Losses: Al Horford, Josh Richardson, Alec Burks, Glenn Robinson III, Raul Neto, Brett Brown (coach)

2019-20 Record: 43-30, lost in Eastern Conference First Round

Analysis: The Philadelphia 76ers were kind of a mess from the start of last season all the way through their loss in a sweep to the Boston Celtics in the first round of the playoffs. The Al Horford signing never worked as hoped for. In-season acquisitions of Alec Burks and Glenn Robinson III didn’t boost one of the league’s worst benches. And Ben Simmons got hurt during the restart and missed the end of the season and the playoffs.

Daryl Morey was brought in to run the front office and immediately started making changes. Doc Rivers replaces Brett Brown as the team’s coach. While known as a player’s coach, Rivers has a cache of respect that Brown never seemed to carry. Rivers won’t hesitate to put his players in their place, even if they are the best ones on his team. There will be a new level accountability for the entire roster with Rivers in charge.

On the court, Morey scrapped the jumbo-sized roster for one that is more balanced. He first traded Josh Richardson to Dallas for Seth Curry. Curry’s shooting is key, but his ability to play off-ball with a high-usage ballhandler is also important. He should fit in quite well alongside Ben Simmons and Joel Embiid.

The Sixers then traded Al Horford and a future first round pick to the Oklahoma City Thunder to acquire Danny Green. Green’s veteran presence as a 3&D wing is perfect for Philadelphia. He fills a hole the team has had since trading Robert Covington.

To replace Horford, who was the team’s de facto backup center, Morey signed Dwight Howard and traded for Tony Bradley. If Howard plays with energy, as he did during the Lakers title run, he’ll be a perfect fit behind Embiid. Bradley developed into a nice player behind Rudy Gobert in Utah. He’ll provide depth on those nights when Embiid or Howard sits.

This version of the 76ers simply makes more sense. Simmons is a unique talent, but rather than shoehorning him into the point guard position, Rivers can use him as a primary ballhandling wing. Think of his role being similar to that of LeBron James, Kawhi Leonard or Luke Doncic now. Simmons will run the offense, but he won’t have to do so as a true point guard. With Green and Curry spacing the floor, along with Tobias Harris, Simmons and Embiid should have more room to work than they’ve had to this point in their careers.

Defensively, everything makes more sense now too. Simmons is one of the league’s most versatile defenders, but you really don’t want him chasing around point guards for 35 minutes a night. That will fall to Curry and Green, while Simmons can guard the best opposing wing. Harris can now defend opposing fours, as opposed to being left on an island on the perimeter.

Everything is set up for Philadelphia to make a deep playoff run. The bench still needs a little work, but that’s something Morey will address in-season. If the 76ers can’t make it to at least the Conference Finals, expect the inevitable questions of “Can you win with Embiid and Simmons?” to be asked a little louder.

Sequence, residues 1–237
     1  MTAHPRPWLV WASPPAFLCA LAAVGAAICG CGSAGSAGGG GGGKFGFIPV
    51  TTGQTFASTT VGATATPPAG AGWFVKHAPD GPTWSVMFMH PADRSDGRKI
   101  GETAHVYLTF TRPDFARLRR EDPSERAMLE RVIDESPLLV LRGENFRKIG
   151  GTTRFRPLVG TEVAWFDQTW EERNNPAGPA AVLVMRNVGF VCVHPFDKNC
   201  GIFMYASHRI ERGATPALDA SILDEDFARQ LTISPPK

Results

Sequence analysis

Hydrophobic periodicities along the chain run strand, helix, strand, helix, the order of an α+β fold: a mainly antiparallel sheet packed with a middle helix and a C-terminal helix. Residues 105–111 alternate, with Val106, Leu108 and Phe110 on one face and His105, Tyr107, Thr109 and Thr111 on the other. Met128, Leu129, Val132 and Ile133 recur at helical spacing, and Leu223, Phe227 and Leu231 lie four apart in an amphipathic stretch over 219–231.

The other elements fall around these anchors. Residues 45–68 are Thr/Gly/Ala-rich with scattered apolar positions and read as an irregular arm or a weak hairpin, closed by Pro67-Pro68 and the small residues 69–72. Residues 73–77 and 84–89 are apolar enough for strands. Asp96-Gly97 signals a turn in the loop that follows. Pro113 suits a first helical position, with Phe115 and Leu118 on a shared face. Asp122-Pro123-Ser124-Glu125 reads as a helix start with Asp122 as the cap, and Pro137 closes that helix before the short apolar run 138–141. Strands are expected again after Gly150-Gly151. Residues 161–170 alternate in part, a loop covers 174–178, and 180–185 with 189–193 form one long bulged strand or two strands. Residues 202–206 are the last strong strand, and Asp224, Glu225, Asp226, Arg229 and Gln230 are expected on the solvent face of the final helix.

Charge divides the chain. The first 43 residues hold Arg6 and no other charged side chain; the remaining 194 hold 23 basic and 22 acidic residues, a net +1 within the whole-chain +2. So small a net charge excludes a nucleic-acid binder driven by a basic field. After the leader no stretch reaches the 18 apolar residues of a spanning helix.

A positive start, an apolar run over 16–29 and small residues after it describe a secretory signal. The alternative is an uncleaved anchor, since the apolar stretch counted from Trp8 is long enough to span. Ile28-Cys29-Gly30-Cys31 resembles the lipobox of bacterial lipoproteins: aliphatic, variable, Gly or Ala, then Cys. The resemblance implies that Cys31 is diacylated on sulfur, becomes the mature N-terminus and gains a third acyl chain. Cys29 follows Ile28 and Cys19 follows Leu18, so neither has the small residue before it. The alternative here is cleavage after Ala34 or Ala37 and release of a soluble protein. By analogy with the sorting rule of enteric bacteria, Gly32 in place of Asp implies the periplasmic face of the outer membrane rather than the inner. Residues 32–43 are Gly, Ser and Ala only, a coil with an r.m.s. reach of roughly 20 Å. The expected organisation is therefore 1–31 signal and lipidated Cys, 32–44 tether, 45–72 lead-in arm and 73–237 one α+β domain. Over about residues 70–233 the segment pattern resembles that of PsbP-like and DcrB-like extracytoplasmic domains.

Toronto Raptors

Additions: Aron Baynes, Malachi Flynn, Alex Len, DeAndre Bembry

Losses: Serge Ibaka, Marc Gasol, Rondae Hollis-Jefferson

2019-20 Record: 53-19, lost in Eastern Conference Second Round

Analysis: After the Toronto Raptors won the 2019 NBA Finals, they lost Kawhi Leonard and Danny Green in free agency and many expected them to take a big step back. Instead, Toronto waged an admirable title defense behind a proud group of veterans and up-and-coming young players. Now, similar expectations are being placed on this group, after they lost key players Marc Gasol and Serge Ibaka in free agency.

The Raptors reacted well to those losses by adding Aron Baynes and Alex Len, and re-signing Chris Boucher. Baynes may actually be better than Gasol at this point, as Gasol looked fairly finished in the playoffs against the Boston Celtics. Boucher’s bouncy game has been one that had begged for more time, and he should do ok replacing Ibaka.

Beyond that, Toronto is basically running it back. Fred VanVleet was re-signed to a four-year deal. He’ll again team with Kyle Lowry in the backcourt, and is now positioned to eventually take over from Lowry as the team’s primary point guard.

Pascal Siakam is coming off his best season as a pro, as he was named to the All-NBA second team. He’s morphed into Toronto’s All-Star and is signed long-term. Siakam had some growing pains against Boston in the postseason, but should bounce back from that to have a nice season.

OG Anunoby is finishing up his rookie scale contract and is line for a new deal. To this point, Toronto hasn’t signed him to an extension, as they continue to prioritize flexibility in 2021 free agency. But Anunoby is seen a core piece for the Raptors and he’ll be re-signed eventually, even if it drags into the summer of 2021.

That free agency flexibility was primarily seen as being held to make a run at Giannis Antetokounmpo. Now that Antetokounmpo has signed an extension with the Milwaukee Bucks, it’s worth monitoring what Masai Ujiri has planned for a pivot. Ujiri is never worried about making a big move. He has earned that faith from his organization. It’s a lock he had Plans B through Z prepared, beyond just chasing Antetokounmpo.

Toronto will still be a playoff team in 2021, and they’ll probably prove everyone wrong and be better than expected. One thing to keep an eye on: The Raptors will at least start the season playing their home games in Tampa, Florida. That means the team will likely go around a year without playing a game in Toronto, following the 2020 season finishing in the Orlando bubble. But this group has proven to be resilient. This is just one more challenge to overcome.